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Computation CHANGE TOPIC

Computation and theory news

Combining graphene and white graphene in a ceramic should produce a material that alters its conductivity when subject to different types of strain.

Tiny, electrically charged crinkles in graphene sheets can interact with molecules on the surface, causing the molecules to line up along the crinkles.

A new 3D printer uses carefully crafted patterns of light to transform gooey liquids into complex solid objects in only a matter of minutes.

Researchers have demonstrated that the conducting organic polymer PEDOT functions in a completely different manner than previously believed.

Using super-resolution microscopy to observe the motion of individual polymer chains has revealed the true complexity of polymer dynamics.

Guided by theoretical calculations, researchers have discovered a new class of promising thermoelectric materials.

Sensing molecular logic

Engineering components made up of printed 'meta-crystals' with varying orientations are tougher than those with a uniform, single-crystal structure.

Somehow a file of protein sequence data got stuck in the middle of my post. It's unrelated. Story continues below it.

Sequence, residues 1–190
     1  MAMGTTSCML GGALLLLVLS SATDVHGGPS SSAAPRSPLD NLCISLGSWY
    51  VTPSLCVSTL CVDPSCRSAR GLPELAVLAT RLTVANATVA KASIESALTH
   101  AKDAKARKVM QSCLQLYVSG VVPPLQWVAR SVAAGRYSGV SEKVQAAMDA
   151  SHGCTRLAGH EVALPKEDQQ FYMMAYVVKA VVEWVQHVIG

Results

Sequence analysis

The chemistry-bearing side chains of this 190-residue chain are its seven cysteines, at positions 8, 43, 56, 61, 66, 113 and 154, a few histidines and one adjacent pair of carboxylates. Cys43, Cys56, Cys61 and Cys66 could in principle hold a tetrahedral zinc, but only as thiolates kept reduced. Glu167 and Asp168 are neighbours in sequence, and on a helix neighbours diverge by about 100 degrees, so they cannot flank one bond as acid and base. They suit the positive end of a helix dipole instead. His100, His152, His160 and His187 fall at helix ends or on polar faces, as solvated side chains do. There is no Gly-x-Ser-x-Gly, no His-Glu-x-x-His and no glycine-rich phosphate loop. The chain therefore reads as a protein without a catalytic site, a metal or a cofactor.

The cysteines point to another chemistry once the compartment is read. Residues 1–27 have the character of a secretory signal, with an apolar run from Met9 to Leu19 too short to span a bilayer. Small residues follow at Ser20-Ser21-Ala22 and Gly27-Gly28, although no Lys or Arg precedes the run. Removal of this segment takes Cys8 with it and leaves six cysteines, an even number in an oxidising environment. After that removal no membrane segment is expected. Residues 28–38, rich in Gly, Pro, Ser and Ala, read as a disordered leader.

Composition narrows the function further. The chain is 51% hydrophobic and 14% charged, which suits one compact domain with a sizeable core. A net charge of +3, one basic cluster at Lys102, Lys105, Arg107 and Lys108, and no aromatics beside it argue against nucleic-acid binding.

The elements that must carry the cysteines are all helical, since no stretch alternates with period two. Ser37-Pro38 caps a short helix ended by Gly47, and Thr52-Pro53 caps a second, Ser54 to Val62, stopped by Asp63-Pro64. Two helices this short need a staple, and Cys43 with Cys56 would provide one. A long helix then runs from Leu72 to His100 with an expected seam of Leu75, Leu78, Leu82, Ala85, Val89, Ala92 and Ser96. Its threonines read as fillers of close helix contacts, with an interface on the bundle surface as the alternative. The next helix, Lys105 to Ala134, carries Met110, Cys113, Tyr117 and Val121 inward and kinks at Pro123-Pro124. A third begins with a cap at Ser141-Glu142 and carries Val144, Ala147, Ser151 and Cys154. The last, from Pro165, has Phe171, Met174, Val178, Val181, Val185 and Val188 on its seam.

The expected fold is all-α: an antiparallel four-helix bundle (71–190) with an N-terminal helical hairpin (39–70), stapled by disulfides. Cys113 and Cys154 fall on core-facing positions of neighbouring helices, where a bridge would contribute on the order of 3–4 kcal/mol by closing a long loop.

Using a new theory called stress localization, scientists have created a durable silicone polymer coating capable of repelling ice from any surface.

Chemists have found that the void spaces in 2D layers fundamentally changes the strength of the van der Waals forces between the layers.

New generation holograms hard to counterfeit

A new catalog details the sizes and shapes of the holes that would most likely be observed in 2D materials when a given number of atoms is removed.

Research could improve layered materials and predict earthquakes

Scientists have developed and analyzed a novel catalyst that can produce a useful biochemical from plant-derived material.

High-energy X-ray beams and a clever experimental setup have allowed researchers to watch the formation of two different cobalt crystals.

graphene can covert high frequency gigahertz signals into the terahertz range

light-emitting diodes based on perovskites that have surpassed a milestone in efficiency

2D materials assemble one row at a time to skip the energy barrier

By studying how peptides assemble, researchers have discovered that some materials can avoid the nucleation barrier by growing one row at a time.

Using an x-ray visualization technique called COBRA, scientists have imaged the 3D atomic and electron density structure of a perovskite crystal.

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